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Evaluating the Relationship between Concussion Knowledge and Reporting Tendencies in High School Athletes

Booth Id:

Behavioral and Social Sciences


Finalist Names:
Atherall, Joseph

Concussions are a brain injury caused by an outside blow to the head or rapid movement of the brain inside of the skull. Over 3.8 million high school athletes are affected by these injuries annually, this number increasing by 200% between the years 2002 and 2012. As an athlete who has suffered concussions, I was curious as to how these injuries may affect me in the future, as well as to see if other athletes had gone through the same experiences as I have. I created two surveys through the online resource Qualtrics, analyzing the academic effects of these concussions and concussion reporting trends in high school athletes. Questions pertained to the overall academic issues faced as well as social issues encountered in the first phase. Followed by separate questions asking athletes about their concussion history and whether or not they reported these to their coaches/athletic trainers. I found that overall concussions did show to have a negative effect on academics (p<.05), as well as one in four athletes not reporting their concussion. These results shows that these injuries have had detrimental effects on students, meanwhile some of the injuries are so discredited that they are not even being reported. In the future, I would like to create outreach programs bettering the knowledge surrounding concussion education. If greater concussion education was introduced into the athletic realm, this could spark a positive concussion reporting trend suppressing the effects of these injuries, ultimately creating a healthier and safer future for these athletes.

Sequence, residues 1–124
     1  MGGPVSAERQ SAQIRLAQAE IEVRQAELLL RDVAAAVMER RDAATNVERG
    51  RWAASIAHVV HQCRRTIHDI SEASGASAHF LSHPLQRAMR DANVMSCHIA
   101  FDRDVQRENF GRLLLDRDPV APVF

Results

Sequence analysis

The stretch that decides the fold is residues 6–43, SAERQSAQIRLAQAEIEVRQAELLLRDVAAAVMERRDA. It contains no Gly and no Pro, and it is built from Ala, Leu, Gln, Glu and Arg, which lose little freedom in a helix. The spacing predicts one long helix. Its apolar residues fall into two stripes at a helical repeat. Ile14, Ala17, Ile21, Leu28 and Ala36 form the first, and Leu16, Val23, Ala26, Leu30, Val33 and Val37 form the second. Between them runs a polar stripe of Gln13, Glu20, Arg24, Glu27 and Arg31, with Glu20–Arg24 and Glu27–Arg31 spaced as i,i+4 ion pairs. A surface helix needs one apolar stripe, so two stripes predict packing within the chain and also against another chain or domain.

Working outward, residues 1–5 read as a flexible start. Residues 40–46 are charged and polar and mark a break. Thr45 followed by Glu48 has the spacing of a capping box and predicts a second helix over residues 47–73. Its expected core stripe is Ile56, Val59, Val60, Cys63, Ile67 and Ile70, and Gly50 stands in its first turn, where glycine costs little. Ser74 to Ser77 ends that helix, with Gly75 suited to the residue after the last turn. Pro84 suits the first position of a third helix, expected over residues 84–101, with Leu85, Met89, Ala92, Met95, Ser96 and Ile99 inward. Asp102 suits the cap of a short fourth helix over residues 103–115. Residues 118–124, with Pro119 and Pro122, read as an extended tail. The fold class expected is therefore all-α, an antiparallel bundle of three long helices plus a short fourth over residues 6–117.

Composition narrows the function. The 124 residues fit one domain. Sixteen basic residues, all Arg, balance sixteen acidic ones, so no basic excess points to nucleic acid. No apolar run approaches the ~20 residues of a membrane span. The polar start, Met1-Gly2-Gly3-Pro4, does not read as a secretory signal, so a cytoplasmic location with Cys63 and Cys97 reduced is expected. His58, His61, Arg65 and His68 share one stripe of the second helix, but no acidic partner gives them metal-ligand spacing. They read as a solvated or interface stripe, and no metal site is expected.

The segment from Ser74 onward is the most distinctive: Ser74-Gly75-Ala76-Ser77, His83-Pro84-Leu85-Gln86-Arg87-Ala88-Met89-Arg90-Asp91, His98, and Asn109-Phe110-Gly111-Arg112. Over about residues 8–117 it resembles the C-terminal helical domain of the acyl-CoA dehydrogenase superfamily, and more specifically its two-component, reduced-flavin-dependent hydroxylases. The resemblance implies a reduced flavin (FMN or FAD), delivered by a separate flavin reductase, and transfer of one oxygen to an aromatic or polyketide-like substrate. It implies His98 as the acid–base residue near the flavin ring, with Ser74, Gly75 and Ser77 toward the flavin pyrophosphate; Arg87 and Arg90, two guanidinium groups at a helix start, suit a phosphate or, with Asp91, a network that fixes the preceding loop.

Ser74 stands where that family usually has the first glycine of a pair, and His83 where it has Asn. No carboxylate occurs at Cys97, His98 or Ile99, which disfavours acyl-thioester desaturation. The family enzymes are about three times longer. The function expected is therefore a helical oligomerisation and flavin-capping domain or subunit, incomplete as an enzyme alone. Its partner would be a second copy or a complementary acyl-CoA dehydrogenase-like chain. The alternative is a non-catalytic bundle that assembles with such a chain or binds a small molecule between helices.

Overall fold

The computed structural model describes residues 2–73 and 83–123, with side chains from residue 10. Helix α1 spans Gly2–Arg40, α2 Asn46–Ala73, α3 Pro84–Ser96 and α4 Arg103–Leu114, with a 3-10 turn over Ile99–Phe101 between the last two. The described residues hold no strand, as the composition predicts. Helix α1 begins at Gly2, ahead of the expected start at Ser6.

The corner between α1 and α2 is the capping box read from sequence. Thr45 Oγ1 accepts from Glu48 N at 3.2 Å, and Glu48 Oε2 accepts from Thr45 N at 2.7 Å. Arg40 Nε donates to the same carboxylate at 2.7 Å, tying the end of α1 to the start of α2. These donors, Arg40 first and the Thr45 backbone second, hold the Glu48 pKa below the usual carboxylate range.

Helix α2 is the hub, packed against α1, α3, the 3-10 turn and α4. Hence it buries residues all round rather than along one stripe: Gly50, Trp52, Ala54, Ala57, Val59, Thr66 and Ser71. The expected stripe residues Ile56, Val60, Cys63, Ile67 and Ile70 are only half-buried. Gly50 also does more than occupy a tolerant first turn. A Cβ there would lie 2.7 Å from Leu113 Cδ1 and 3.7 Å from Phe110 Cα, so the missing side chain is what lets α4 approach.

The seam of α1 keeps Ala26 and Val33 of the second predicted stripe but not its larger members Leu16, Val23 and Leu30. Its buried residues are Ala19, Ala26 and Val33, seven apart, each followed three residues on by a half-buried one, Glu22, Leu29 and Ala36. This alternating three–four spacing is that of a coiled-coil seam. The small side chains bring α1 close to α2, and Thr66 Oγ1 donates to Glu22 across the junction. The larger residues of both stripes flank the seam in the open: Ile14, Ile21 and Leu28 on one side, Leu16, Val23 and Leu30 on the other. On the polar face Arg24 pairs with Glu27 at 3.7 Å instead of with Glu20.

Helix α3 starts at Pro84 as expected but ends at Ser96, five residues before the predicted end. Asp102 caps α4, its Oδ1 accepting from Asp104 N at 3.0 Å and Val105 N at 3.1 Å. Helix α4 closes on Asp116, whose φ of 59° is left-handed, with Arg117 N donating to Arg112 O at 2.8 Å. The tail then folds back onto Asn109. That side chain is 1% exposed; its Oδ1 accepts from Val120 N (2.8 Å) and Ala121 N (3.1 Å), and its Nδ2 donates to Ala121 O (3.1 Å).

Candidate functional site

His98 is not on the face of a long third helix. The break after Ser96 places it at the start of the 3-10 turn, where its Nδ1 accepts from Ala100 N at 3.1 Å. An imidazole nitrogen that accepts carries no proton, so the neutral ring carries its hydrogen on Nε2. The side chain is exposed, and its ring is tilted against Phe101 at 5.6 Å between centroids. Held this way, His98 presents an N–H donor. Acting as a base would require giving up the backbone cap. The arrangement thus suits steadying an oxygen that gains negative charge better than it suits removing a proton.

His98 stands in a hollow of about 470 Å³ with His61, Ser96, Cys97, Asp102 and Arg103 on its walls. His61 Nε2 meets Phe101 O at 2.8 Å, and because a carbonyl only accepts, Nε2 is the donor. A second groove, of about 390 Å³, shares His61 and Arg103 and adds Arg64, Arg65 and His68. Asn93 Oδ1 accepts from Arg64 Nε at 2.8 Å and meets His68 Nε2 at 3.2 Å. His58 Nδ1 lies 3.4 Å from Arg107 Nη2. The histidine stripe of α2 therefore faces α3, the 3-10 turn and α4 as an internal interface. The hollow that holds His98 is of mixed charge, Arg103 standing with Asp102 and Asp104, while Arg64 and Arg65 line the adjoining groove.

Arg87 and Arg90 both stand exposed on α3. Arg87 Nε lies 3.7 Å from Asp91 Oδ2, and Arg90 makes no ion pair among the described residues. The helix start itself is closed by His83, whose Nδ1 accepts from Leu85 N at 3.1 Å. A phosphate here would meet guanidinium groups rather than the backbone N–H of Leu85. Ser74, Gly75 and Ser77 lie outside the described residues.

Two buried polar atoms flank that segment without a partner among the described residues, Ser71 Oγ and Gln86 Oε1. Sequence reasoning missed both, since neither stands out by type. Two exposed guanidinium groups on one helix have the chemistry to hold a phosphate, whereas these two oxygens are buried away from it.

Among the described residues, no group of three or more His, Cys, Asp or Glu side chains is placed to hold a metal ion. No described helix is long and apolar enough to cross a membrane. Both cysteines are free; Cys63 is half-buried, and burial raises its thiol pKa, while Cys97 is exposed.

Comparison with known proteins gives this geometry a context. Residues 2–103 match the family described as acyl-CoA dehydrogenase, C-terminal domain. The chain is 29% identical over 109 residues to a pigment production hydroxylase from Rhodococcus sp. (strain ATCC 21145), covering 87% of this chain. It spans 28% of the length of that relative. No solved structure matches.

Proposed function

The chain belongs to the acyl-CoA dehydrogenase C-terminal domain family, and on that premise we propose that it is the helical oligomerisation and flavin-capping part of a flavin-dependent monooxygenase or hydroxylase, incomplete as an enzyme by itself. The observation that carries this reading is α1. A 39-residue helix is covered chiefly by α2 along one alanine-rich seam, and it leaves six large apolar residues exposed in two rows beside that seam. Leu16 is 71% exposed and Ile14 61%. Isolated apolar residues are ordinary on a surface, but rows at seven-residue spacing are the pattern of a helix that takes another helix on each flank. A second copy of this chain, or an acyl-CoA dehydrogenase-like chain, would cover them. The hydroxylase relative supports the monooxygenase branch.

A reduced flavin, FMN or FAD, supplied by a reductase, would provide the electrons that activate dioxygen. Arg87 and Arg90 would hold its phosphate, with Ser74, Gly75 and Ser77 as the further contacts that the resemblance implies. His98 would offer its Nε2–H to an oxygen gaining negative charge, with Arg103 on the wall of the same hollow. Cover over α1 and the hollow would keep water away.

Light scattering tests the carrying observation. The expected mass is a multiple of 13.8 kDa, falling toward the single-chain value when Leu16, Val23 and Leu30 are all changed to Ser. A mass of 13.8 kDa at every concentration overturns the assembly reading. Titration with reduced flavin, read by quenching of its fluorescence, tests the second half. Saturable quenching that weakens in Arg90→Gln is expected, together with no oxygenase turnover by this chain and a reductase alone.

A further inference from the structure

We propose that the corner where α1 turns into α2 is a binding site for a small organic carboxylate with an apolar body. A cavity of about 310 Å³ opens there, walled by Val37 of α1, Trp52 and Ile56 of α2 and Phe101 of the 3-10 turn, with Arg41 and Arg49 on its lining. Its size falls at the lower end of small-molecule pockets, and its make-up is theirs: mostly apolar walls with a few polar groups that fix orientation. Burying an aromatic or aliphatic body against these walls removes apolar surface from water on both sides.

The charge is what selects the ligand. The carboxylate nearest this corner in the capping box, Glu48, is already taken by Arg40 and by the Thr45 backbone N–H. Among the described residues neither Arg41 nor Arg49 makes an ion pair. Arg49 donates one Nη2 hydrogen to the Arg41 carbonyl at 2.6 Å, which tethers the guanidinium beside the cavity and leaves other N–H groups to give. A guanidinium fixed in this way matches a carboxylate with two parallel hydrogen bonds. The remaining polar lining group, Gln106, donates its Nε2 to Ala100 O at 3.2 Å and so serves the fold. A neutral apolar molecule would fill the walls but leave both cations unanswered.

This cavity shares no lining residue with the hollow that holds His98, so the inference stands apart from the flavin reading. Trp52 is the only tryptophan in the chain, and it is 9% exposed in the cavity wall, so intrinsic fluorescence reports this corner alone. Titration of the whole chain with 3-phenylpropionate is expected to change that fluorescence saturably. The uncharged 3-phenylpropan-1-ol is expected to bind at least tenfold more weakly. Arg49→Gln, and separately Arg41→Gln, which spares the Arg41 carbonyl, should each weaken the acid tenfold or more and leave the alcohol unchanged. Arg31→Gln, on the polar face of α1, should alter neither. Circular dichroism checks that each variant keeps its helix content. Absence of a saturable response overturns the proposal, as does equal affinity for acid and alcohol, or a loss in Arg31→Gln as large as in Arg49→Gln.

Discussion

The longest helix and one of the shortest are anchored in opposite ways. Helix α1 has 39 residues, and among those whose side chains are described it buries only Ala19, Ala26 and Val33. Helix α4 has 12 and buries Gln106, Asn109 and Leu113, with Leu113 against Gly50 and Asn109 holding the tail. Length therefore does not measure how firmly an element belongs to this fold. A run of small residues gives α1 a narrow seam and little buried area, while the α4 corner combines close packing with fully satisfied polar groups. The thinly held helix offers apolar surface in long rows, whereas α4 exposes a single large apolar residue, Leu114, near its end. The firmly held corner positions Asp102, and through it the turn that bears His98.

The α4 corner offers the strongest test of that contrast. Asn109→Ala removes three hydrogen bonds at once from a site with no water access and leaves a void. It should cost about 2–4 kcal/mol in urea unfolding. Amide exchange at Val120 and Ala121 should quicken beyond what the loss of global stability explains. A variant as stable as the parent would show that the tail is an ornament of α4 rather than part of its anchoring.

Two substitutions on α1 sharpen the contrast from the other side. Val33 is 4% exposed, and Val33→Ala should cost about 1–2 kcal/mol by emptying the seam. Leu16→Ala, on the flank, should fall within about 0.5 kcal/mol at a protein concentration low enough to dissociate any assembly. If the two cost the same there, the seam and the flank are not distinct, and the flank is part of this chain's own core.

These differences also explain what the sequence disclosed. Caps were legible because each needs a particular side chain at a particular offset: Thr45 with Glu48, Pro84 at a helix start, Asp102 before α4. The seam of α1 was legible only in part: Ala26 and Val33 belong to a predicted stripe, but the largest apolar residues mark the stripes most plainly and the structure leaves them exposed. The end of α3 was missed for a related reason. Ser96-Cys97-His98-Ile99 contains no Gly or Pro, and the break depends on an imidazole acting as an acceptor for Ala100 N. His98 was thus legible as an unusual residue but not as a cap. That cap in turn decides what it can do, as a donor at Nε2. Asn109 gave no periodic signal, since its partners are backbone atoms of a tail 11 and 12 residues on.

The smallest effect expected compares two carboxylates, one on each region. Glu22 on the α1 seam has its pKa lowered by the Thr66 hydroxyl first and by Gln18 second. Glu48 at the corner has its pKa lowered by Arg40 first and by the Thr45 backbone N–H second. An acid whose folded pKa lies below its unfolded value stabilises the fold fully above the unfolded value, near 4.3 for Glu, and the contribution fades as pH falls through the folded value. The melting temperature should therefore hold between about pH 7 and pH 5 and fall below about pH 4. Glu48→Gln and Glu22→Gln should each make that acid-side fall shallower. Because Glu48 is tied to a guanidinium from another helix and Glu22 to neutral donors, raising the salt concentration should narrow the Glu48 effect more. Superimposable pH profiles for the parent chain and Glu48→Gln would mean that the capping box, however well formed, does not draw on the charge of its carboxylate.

Awards Won:
American Psychological Association: Certificate of Honorable Mention